Education

Students have part in improving school playground

Audrey Hertert, Clarisse LaJeunesse, Maddie Gibson and Leo Witzke show off knitted bracelets they made for a class project. They’re part of Sunna deForest’s combined second- and third-grade class at State College Friends School that participated in a project to knit bracelets and sell them for $5 to help fund additions to the school’s playground.
Audrey Hertert, Clarisse LaJeunesse, Maddie Gibson and Leo Witzke show off knitted bracelets they made for a class project. They’re part of Sunna deForest’s combined second- and third-grade class at State College Friends School that participated in a project to knit bracelets and sell them for $5 to help fund additions to the school’s playground. bmilazzo@centredaily.com

What Liam Hynes said started off as “just a joke” is turning into a reality at State College Friends School.

Last year, the now 8-year-old had the idea to improve the school’s playground.

He mentioned it to a friend, and the idea spread from there.

As part of an “Everybody Writes Week” project conducted last school year, a combined second- and third-grade class participated in a writing assignment that focused on a playground improvement proposal.

The idea, Liam said, came with building a climbing wall, and the written proposal was sent to Head of School Dan Hendey.

Multiphase playground improvement project headed to Friends School

While a climbing wall isn’t in the final plans, the field part of the school’s play area is getting a multiphase makeover.

The school OK’d the idea in September after reviewing the request and getting a donor who agreed to help sponsor the project if, in return, students would also help with some of the fundraising.

This year, students in Sunna deForest’s class made knitted bracelets.

On Friday, some of the second- and third-grade students went to different classrooms marketing the project that allowed them to knit the bracelets and sell them for $5.

“Knitting isn’t forced on the kids, but it’s a big part of class,” deForest said. “It supports brain development and offers the opportunity to express themselves. They’ll say, ‘This bracelet isn’t worth $5,’ but we remind them it’s supporting the playground.”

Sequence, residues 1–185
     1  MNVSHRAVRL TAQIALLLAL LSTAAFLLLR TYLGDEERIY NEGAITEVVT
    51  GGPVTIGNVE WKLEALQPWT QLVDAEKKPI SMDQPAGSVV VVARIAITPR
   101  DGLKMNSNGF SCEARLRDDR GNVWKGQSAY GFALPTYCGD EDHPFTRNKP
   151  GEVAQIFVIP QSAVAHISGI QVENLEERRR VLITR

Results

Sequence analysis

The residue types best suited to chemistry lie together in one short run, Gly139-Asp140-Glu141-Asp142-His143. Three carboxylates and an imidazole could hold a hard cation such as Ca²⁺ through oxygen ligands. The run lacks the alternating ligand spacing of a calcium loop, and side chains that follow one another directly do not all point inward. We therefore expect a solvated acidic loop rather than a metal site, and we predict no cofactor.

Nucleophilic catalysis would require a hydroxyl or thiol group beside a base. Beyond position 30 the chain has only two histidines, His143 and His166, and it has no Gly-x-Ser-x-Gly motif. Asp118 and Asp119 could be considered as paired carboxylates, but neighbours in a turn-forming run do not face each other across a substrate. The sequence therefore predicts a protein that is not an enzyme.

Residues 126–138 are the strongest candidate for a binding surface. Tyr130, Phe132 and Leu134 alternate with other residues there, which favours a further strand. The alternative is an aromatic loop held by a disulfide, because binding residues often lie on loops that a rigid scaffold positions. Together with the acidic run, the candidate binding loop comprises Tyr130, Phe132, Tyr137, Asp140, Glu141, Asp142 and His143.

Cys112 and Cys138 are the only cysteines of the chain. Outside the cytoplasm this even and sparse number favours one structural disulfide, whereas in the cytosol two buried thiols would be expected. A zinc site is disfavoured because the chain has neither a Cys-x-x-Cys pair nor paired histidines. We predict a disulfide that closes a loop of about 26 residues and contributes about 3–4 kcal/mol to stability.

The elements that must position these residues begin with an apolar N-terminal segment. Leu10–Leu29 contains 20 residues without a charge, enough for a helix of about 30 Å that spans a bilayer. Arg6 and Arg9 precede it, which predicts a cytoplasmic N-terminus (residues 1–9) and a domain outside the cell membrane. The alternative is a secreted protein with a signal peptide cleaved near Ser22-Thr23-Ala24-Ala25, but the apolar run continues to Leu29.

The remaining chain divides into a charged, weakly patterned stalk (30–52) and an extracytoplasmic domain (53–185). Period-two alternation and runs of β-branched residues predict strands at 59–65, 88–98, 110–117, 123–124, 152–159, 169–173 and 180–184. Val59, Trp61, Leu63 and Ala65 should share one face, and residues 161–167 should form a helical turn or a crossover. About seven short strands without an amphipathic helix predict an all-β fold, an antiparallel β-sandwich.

Students have $1K fundraising goal

Money raised will help benefit playground project costs. The goal is to raise $1,000.

What the students don’t raise will be offset by donor funding, Hendey said.

“I think what some (children) noticed is there wasn’t a lot of what we call ‘imaginative play,’ ” Hendey said.

When students go from first- to second-grade, the playground area they use is different.

The school has a traditional playground near one side of the school, and a field area for games on another.

The field area is what’s getting the additions, while still having a big enough space for games to be played, such as soccer or football, Hendey said.

Improvements include play area, imagination house, Gaga Ball court & life size building blocks

It includes a nature play area, imagination house, ga-ga ball court and life-size building blocks.

That could be completed as soon as the spring.

Phase two includes creating a “maker space” in the field area, which promotes interactive learning by creating things.

“I don’t think we have enough imaginative play — there’s not enough opportunity for kids to be kids,” Hendey said.

He said research shows imaginative play is a key part of education through social, emotional and physical means.

Britney Milazzo: 814-231-4648, @M11azzo

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